Skincare is all about knowing how to care for your skin. The best way to know that is to understand how the skin functions, what type of skin you have as well as what your current skin condition is. Once you know and understand these, you’re better able to choose a routine that suits your individual needs best.
Let’s start with The Structure and Functions of the Skin.
The skin is the largest organ of the body. It is an elastic protective covering, which is thinnest on the lips and eyelids, and thickest on the palms of the hands and soles of the feet.
Structure of the skin: three major divisions
The outermost layer of the skin
The inner corneum made up of connective tissue
The deep layer of adipose (fatty) tissue
This is the outermost layer of the skin, which forms the protective covering of the body. Squamous cells, or keratinocytes, are produced in the basal layer of the skin. These cells then migrate up through the epidermis until they complete their life cycle in the dead stratum corneum. The epidermis contains the following layers:
Basal layer – consists of keratinocytes that undergo cell division and are responsible for growth of the epidermis. This layer also contains melanocytes that protect the cells from the UV rays of the sun.
Spinous layer – consists of multiple layers of square-shaped cells. The desmosomes that hold the cells together have a spiny or prickle-like appearance when viewed under a microscope. As cells move upward during natural cell turnover, they become more flat. This layer also contains Langerhans cells that assist in the skin’s immune function.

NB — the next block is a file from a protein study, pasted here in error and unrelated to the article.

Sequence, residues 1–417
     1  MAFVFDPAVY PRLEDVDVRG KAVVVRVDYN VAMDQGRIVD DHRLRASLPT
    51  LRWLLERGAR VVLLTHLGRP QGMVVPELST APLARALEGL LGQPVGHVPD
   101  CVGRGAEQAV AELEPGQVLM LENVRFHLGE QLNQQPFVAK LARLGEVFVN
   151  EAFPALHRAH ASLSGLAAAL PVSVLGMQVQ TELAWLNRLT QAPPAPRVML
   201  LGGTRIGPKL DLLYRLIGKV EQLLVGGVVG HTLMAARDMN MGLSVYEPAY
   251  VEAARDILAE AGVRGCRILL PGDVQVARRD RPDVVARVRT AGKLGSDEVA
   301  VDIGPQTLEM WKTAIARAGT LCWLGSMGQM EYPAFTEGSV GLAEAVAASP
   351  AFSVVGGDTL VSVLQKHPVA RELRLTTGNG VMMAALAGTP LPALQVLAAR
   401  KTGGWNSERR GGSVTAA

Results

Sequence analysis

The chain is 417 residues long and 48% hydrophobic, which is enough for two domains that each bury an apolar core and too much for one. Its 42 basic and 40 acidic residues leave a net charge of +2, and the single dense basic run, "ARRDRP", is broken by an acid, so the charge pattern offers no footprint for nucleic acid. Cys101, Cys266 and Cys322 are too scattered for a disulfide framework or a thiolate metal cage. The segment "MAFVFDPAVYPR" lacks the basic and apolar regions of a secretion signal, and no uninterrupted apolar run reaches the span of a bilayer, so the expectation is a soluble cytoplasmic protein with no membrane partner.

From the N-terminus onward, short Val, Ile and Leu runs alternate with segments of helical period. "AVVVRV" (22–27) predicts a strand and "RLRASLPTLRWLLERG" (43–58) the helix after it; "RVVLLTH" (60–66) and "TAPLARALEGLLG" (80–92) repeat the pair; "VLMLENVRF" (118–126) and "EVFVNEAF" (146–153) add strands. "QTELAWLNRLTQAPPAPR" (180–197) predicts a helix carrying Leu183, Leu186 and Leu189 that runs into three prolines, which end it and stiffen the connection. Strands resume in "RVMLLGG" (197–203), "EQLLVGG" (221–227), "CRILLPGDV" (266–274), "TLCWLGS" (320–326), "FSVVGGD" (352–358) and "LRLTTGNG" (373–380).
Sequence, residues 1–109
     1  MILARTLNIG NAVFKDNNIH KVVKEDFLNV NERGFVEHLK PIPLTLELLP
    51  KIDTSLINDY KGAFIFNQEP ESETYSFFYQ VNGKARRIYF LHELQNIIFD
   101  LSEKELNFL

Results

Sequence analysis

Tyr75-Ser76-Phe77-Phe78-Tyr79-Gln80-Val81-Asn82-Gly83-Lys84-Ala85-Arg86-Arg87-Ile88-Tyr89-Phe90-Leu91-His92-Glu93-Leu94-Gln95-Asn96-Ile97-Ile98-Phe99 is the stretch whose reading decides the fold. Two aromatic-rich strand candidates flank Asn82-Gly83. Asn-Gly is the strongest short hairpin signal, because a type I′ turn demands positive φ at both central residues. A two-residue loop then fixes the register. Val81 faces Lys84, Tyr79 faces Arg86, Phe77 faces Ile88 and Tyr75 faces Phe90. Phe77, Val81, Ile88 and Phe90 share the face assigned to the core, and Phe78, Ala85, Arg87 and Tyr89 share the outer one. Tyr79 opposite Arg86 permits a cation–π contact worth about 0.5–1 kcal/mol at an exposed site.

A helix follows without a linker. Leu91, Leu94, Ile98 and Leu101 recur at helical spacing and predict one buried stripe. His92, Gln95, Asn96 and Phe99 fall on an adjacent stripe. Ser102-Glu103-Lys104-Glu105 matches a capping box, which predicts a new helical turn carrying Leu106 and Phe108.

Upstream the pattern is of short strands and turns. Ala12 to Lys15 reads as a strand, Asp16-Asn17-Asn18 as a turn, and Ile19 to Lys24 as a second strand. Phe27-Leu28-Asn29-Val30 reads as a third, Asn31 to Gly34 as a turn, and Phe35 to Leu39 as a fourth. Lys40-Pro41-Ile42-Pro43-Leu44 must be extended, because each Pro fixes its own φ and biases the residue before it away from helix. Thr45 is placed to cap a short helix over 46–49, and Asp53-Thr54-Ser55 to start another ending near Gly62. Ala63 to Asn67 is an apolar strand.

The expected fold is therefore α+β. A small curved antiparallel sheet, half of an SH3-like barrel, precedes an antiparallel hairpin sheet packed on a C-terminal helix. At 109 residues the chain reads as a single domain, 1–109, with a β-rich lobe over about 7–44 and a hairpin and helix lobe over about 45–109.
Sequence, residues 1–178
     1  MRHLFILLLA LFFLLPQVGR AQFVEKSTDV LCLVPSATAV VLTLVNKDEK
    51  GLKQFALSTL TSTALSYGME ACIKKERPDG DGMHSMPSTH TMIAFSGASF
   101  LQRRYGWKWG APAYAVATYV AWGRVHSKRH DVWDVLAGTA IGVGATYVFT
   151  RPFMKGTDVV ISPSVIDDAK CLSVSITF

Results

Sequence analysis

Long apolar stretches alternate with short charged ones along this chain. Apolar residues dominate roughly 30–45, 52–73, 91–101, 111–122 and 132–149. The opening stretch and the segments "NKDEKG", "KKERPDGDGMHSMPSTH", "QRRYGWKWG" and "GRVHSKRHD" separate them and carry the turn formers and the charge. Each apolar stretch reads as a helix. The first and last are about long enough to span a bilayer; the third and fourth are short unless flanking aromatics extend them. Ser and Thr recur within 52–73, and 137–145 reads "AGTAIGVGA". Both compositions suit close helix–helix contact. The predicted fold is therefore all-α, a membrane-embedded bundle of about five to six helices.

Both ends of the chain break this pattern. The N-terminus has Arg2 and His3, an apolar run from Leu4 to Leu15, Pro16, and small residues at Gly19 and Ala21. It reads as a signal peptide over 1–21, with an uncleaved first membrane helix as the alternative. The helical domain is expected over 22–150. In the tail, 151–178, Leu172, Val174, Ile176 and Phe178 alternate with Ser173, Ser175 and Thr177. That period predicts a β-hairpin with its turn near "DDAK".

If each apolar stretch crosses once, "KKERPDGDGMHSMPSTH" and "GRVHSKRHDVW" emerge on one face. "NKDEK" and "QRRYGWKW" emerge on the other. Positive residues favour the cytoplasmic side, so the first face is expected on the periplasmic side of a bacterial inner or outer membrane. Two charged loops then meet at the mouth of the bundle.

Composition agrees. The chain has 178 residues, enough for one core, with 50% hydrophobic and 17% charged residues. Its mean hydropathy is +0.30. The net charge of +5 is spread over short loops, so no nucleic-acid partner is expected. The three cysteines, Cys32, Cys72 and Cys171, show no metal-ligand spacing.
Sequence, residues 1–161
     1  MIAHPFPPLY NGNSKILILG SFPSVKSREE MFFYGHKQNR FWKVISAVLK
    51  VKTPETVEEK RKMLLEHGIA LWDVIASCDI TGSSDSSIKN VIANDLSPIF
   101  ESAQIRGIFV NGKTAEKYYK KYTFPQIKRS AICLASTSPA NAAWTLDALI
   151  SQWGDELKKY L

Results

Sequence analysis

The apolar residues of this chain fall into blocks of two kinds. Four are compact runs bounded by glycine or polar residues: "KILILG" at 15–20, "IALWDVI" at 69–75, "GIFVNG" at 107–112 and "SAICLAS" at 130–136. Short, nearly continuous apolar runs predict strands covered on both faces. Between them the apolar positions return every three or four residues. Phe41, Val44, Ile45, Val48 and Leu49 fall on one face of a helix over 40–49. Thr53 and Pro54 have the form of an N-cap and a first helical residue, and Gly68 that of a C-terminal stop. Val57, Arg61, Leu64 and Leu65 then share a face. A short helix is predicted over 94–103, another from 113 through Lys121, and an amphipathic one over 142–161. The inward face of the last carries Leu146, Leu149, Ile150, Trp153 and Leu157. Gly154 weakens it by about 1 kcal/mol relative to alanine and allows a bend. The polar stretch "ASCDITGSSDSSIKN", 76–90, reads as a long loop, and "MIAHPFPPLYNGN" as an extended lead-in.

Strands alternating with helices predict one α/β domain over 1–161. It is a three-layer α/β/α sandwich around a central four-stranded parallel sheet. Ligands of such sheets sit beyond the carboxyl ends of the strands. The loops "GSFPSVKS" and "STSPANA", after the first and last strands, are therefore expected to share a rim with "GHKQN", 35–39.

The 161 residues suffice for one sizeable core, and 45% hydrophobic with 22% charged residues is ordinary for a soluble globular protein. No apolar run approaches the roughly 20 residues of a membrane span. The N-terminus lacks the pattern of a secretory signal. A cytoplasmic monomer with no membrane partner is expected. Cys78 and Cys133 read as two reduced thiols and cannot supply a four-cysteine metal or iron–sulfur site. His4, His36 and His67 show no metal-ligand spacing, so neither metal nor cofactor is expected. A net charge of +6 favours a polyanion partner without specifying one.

Granular layer – consists of dying cells that contain distinct granules.
Clear layer – is a barrier composed of transparent cells through which light can pass. These cells are only present in thick skin, such as the palm of the hands and soles of the feet.
Cornified layer – is composed of tightly packed dead cells which are constantly being shed and replaced. This layer contains the skin’s natural moisturizing factor (NMF) and is responsible for maintaining hydration of the cornified layer. NMF exists inside the corneocytes (dead keratinocytes).
The dermis is the layer underneath the epidermis, consisting of highly sensitive and vascular connective tissue, collagen, elastin and reticular fibers.
This is the fatty layer lying directly below the dermis, which is composed of fat cells, blood, nerves and lymph supply. It gives smoothness and contours to the body, contains fat that is utilized by the body for energy and acts as a protective cushion for the outer skin.
Now that you have an idea of how the skin functions, read on to learn more about your Skin Type.
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